Wait ‘til Next Year is here again. Fine by me.

Let’s go to the numbers. Here are the final standings for the Rizzo Award, given to the Cubs player who accumulates the most Heroes and Goats points over the course of the season. The award is named, of course, for Anthony Rizzo. While he’s gone, he’ll never be forgotten in this space. He won this award (obviously before it was named for him) four times in its first six years of existence and finished in third in one of those other two years.

Kudos to Frank Schwindel for winning it this year despite debuting two-thirds of the way through the season. It’s strangely fitting that the top three for this award, Schwindel, Kris Bryant and Patrick Wisdom all played first base at some point this season. Of course, first base is generally one of the more productive offensive positions, so it’s not terribly surprising, but a bit of irony. The average has been two of the top three scorers being hitters along with one pitcher. This was the third time in eight seasons though that all three spots were hitters.

Without further pause, let’s get to the results:

Results are tabulated daily with 3 points for Superhero, 2 for Hero, 1 for Sidekick. Negative points are posted for Billy Goat (-3), Goat (-2) and Kid (-1). With one exception, we ignored pitchers when they batted and batters when they pitched.

  • Frank Schwindel 30
  • Kris Bryant 26
  • Patrick Wisdom 26
  • Craig Kimbrel 20
  • Rafael Ortega 19
  • Nico Hoerner 16
  • Codi Heuer 8.5
  • Ryan Tepera 6.5
  • Jake Marisnick 6
  • Alfonso Rivas 5
  • Adam Morgan 4.5
  • Keegan Thompson 4.5
  • Brad Wieck 4
  • Joc Pederson 4
  • Joe Biagini 3
  • Dillon Maples 3
  • Javier Báez 2.5
  • Willson Contreras 2.5
  • Adrian Sampson 2
  • Andrew Chafin 2
  • Nick Martini 2
  • Adbert Alzolay 1.5
  • Pedro Strop 1
  • Robinson Chirinos 1
  • Tommy Nance .5
  • Austin Romine 0
  • Kyle Hendricks 0
  • Dan Winkler 0
  • Tony Wolters 0
  • Ryan Meisinger 0
  • Ian Happ -1
  • Trayce Thompson -1
  • Scott Effross -1
  • Michael Hermosillo -1
  • Shelby Miller -1
  • Jose Lobaton -1
  • Greg Deichmann -1
  • Johneswhy Fargas -2
  • Jake Arrieta (hitter) -2
  • Trevor Williams -2
  • Justin Steele -2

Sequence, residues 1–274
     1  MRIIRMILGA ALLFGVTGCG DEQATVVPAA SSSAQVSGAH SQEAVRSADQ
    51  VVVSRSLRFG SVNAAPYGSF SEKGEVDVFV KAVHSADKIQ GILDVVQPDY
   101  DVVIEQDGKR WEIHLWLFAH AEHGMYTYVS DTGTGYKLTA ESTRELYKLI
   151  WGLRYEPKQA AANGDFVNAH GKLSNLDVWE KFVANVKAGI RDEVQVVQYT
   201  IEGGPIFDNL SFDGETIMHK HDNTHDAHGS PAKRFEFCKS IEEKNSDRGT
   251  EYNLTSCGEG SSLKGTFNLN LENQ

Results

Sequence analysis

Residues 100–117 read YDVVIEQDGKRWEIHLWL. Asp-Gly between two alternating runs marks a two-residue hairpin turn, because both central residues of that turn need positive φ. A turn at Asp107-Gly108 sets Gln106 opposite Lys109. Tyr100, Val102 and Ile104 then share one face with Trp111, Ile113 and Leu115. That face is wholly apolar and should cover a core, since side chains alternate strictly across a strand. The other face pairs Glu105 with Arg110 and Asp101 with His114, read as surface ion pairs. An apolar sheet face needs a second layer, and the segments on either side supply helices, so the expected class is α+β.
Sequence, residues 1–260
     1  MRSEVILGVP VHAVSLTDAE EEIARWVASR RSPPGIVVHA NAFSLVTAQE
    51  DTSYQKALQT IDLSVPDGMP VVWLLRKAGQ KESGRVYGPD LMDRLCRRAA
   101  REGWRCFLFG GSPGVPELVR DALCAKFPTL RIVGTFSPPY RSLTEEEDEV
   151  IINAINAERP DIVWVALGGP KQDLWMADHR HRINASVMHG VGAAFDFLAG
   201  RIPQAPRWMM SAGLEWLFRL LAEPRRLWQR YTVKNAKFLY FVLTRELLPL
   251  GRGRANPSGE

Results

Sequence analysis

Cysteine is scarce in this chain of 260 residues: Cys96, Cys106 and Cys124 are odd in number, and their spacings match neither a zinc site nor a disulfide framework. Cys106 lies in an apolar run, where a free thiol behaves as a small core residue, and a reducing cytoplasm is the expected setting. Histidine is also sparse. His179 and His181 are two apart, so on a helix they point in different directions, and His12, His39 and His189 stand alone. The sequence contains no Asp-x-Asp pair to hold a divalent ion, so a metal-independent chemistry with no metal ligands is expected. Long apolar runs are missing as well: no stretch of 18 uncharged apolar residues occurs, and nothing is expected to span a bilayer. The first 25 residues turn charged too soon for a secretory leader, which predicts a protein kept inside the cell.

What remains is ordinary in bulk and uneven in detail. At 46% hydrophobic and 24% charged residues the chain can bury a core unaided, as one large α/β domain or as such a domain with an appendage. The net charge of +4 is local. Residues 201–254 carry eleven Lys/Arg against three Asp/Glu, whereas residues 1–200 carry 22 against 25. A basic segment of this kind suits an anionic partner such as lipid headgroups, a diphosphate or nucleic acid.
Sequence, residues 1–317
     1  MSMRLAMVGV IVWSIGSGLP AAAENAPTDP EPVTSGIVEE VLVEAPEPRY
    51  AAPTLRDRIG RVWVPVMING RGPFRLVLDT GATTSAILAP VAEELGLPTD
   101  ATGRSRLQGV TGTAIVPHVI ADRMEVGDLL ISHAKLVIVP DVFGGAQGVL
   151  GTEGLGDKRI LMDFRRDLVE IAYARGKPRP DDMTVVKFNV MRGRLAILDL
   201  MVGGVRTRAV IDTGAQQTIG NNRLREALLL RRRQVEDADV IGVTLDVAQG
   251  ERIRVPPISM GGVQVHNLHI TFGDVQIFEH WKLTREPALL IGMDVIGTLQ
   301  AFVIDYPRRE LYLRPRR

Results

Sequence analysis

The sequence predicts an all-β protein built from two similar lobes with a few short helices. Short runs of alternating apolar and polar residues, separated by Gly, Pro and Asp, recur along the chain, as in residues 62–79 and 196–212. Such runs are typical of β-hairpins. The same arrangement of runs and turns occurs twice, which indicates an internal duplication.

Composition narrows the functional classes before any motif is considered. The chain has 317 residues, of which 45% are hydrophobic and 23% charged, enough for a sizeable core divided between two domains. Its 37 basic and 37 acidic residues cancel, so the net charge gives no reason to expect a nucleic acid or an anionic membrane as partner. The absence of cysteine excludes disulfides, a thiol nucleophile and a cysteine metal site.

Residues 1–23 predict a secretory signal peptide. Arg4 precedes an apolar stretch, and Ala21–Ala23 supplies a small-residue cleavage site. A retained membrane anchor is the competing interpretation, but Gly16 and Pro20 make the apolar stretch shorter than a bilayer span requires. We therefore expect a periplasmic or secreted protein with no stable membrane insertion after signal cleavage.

• Trent Giambrone -3
  • Alec Mills -3
  • Kyle Ryan -3
  • Robert Stock -3
  • Ildemaro Vargas -3
  • Brandon Workman -4
  • Kohl Stewart -4
  • Matt Duffy -4.5
  • Eric Sogard -4.5
  • Andrew Romine -5
  • Michael Rucker -6
  • Jake Jewell -6
  • Jason Adam -6
  • Jason Heyward -6.5
  • Rowan Wick -7
  • Sergio Alcántara -7.5
  • Manuel Rodriguez -7.5
  • Anthony Rizzo -8.5
  • PJ Higgins -9.5
  • Trevor Megill -10
  • Rex Brothers -11.5
  • David Bote -19
  • Jake Arrieta -19
  • Zach Davies -25

This is seriously a grouping of some of the most anonymous players in Cubs history. Players who played for the Cubs but didn’t appear in Heroes & Goats: Erick Castillo, Taylor Gushue, Tyler Payne, and Tyler Ladendorf.

I also track the top 10 WPA game scores and bottom 10 WPA game scores among Cubs players. Those numbers are as follows:

Top 10

  1. Matt Duffy .768 - May 5
  2. Ian Happ .726 - October 2
  3. Frank Schwindel .648 - September 5
  4. Ian Happ .634 - July 20
  5. Adrian Sampson .596 - August 25 (Game 2)
  6. Frank Schwindel .559 - August 14
  7. Rafael Ortega .548 - August 1
  8. Javier Baez .522 - May 4 (Game 2)
  9. Trayce Thompson .519 - October 2
  10. Matt Duffy .511 - August 25 (Game 2)

Bottom 10

  1. Willson Contreras -735 - May 5
  2. Rowan Wick -.631 - September 17
  3. Codi Heuer -.565 - August 14
  4. Craig Kimbrel -.551 - May 15
  5. Trevor Williams -.540 - May 2
  6. Codi Heuer -.523 - September 25
  7. Ian Happ -.511 - July 21
  8. Jake Arrieta -.501 - June 5
  9. Zach Davies -.496 - September 25
  10. Adbert Alzolay -.489 - August 13

That’s all I’ve got for you for now. Keep an eye out for some Historical Heroes and Goats this offseason. After that, I should be back for my fourth season in 2022.